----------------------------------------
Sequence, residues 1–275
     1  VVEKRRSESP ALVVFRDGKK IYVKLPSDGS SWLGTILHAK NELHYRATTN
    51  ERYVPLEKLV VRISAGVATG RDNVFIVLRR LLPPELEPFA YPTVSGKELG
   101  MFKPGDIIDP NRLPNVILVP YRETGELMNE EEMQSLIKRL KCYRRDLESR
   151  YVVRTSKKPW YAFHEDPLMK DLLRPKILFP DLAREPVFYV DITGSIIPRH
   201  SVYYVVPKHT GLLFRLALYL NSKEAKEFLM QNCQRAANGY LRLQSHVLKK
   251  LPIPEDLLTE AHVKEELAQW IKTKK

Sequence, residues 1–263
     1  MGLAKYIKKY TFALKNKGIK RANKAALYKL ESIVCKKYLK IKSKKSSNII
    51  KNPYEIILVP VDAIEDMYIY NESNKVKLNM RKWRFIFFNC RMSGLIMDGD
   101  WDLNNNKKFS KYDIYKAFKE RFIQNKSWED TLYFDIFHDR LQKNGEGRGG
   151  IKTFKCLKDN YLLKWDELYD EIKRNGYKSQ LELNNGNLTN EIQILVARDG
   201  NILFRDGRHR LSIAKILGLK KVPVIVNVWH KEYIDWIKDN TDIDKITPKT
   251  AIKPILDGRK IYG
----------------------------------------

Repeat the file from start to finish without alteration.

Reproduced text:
Sequence, residues 1–275
     1  VVEKRRSESP ALVVFRDGKK IYVKLPSDGS SWLGTILHAK NELHYRATTN
    51  ERYVPLEKLV VRISAGVATG RDNVFIVLRR LLPPELEPFA YPTVSGKELG
   101  MFKPGDIIDP NRLPNVILVP YRETGELMNE EEMQSLIKRL KCYRRDLESR
   151  YVVRTSKKPW YAFHEDPLMK DLLRPKILFP DLAREPVFYV DITGSIIPRH
   201  SVYYVVPKHT GLLFRLALYL NSKEAKEFLM QNCQRAANGY LRLQSHVLKK
   251  LPIPEDLLTE AHVKEELAQW IKTKK

Sequence, residues 1–263
     1  MGLAKYIKKY TFALKNKGIK RANKAALYKL ESIVCKKYLK IKSKKSSNII
    51  KNPYEIILVP VDAIEDMYIY NESNKVKLNM RKWRFIFFNC RMSGLIMDGD
   101  WDLNNNKKFS KYDIYKAFKE RFIQNKSWED TLYFDIFHDR LQKNGEGRGG
   151  IKTFKCLKDN YLLKWDELYD EIKRNGYKSQ LELNNGNLTN EIQILVARDG
   201  NILFRDGRHR LSIAKILGLK KVPVIVNVWH KEYIDWIKDN TDIDKITPKT
   251  AIKPILDGRK IYG